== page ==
Evan now alters the shitty prison ending by traveling back in time again, this time to save his dog. He manages to accomplish this, but in the process he causes their schlubby little friend Lenny (Elden Henson) to kill Tommy. This doesn’t help Kayleigh out at all, and we end up with a dead Tommy, an institutionalized Lenny, and Kayleigh as a prostitute. Ooops! Stupid butterfly effect.
That disastrous scenario just won’t do, so Evan goes back in time again, this time to the point where the neighbor gets murdered. Evan manages to save the neighbor and her baby, but in the process gets his limbs blown off (lolz). As an adult, he ends up in a wheelchair with no arms or legs, and Lenny is in a loving relationship with Kayleigh. Evan’s mother is so traumatized by her son’s condition that she takes up smoking and contracts lung cancer. We last see limbless Evan flapping around on the floor whilst his classmates point and laugh. Ooooops!
Again, Evan goes back in time, this time in search of his limbs. Childhood Evan accidentally kills Kayleigh, which is not definitely not good. This lands him in a mental ward. He has turned out the same way his misunderstood lunatic father did. That fucking buttefly!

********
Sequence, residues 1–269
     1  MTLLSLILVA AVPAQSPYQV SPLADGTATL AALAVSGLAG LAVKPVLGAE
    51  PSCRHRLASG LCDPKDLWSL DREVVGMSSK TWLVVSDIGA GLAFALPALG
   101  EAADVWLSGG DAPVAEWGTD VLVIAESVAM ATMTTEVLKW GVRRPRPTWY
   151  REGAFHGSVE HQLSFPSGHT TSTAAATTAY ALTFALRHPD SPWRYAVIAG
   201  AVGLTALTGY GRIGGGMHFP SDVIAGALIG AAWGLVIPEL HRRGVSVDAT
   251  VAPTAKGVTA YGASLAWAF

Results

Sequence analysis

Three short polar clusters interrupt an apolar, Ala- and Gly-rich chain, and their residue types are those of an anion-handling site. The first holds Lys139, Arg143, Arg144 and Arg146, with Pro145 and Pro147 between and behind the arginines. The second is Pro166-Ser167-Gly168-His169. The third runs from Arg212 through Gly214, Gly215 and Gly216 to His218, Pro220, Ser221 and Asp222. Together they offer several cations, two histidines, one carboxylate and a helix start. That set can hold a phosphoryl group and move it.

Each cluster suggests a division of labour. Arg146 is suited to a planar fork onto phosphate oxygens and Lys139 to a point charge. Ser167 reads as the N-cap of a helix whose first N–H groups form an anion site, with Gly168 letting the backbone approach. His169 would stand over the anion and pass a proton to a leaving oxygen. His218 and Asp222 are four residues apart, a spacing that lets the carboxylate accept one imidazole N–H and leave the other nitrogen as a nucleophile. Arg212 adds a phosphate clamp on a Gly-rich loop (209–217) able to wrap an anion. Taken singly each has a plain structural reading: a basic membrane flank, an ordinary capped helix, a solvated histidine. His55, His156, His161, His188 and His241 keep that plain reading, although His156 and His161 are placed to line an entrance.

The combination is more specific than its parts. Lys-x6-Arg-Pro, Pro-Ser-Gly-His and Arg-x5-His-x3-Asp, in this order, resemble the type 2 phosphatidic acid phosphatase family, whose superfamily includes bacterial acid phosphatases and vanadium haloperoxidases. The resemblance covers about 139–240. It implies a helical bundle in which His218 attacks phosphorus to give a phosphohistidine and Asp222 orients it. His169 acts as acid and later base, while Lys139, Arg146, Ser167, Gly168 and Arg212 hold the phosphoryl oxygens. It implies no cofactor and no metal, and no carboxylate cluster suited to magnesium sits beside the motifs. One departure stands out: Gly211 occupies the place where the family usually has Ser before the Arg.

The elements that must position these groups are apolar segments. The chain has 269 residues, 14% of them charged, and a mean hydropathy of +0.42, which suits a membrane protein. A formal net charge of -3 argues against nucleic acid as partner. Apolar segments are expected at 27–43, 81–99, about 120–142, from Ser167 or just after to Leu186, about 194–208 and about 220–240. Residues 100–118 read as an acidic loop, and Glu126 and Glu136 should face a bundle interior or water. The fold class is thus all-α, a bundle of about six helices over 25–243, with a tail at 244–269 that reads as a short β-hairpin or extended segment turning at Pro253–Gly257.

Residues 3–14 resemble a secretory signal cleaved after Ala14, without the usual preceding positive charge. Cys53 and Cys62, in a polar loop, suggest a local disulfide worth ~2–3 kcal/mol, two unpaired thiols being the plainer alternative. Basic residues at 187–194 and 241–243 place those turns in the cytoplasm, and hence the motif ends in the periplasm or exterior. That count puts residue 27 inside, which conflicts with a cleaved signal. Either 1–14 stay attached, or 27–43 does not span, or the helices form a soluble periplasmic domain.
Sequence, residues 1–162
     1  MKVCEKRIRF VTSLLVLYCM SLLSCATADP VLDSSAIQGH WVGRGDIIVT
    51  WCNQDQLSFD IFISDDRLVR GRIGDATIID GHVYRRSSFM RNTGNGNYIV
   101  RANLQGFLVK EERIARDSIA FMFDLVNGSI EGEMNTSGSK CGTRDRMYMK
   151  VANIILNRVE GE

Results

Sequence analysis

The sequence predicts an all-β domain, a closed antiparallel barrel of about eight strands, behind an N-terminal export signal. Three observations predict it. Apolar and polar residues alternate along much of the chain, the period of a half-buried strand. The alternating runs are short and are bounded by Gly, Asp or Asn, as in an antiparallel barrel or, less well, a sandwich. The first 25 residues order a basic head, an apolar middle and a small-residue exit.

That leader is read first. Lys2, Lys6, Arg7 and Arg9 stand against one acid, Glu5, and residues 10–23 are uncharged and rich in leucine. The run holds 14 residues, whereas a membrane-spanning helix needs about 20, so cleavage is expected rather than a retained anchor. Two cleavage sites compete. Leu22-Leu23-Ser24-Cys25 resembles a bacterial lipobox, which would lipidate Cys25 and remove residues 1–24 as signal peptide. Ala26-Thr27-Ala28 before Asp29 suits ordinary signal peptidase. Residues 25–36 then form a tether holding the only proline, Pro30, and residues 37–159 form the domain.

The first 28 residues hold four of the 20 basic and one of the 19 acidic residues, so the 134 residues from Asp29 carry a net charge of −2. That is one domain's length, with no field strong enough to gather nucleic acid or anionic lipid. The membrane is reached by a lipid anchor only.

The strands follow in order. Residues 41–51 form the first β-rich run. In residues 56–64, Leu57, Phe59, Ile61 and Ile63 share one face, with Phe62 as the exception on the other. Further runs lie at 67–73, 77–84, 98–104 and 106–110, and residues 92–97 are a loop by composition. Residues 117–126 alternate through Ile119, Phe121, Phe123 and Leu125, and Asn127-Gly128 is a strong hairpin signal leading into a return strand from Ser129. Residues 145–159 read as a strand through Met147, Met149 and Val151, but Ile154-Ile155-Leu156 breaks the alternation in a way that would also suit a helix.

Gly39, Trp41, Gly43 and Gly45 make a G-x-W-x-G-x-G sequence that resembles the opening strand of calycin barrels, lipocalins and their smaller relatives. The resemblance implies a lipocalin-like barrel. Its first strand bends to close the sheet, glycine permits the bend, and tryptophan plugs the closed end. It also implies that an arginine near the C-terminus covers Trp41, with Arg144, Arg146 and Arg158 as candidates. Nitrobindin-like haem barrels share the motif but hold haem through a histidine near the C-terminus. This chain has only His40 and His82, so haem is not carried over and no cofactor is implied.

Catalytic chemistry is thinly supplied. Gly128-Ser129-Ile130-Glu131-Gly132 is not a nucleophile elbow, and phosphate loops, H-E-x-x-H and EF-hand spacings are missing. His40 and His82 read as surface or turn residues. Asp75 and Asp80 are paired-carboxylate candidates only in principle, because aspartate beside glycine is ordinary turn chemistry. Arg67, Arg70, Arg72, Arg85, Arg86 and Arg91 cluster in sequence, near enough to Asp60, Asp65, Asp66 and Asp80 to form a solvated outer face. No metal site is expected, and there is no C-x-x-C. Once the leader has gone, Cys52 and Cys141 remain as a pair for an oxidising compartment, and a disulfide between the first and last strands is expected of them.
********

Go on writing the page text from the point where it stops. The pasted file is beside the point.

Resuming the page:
Evan’s frantic final trip back in time is to the womb, where he ends up stillborn and turns out to never exist. This ending is ideal, as the movie itself can also be accurately described as stillborn. To those wondering whether I actually watched this piece of garbage, rest assured: the stillborn ending is the director’s cut, only available on the DVD, which I did purchase.
The moral of The Butterfly Effect–if there is one–seems to be that we should not mess with life’s chaos and leave well enough alone. The world works in mysterious random ways, and we should not stress our little brains trying to conquor the chaos that surrounds us. Assuming that alternate realities would be improvements may be a fallacy.
If you’ve managed to make it this far, you may be wondering why in the hell I have written this worthless blog entry. The answer is that it’s my punishment for inadvertently cheating in my fantasy football league last year. The player I acquired by cheating at the beginning of last year (whose name happens to be Lee Evans) stunk all season, and when I protested that my team would have been better without him, I was pointed in the direction of The Butterfly Effect. I find it both suspicious and a little bit sad that a certain owner in my fantasy league immediately recognized the relevance of a downright terrible Ashton Kutcher vehicle, but I have now done my penance.
In closing, and having watched the aforementioned cinematic masterpiece, I hereby wish to make an admission. Had I not kept Lee Evans, a greater evil may have replaced the lesser evil I was saddled with. We’ll never know and there’s no way of figuring it out. I’m no longer going to compound my transgression by making the classic human error of trying to detect a pattern when there’s only chaos.
At least I’ve still got my limbs.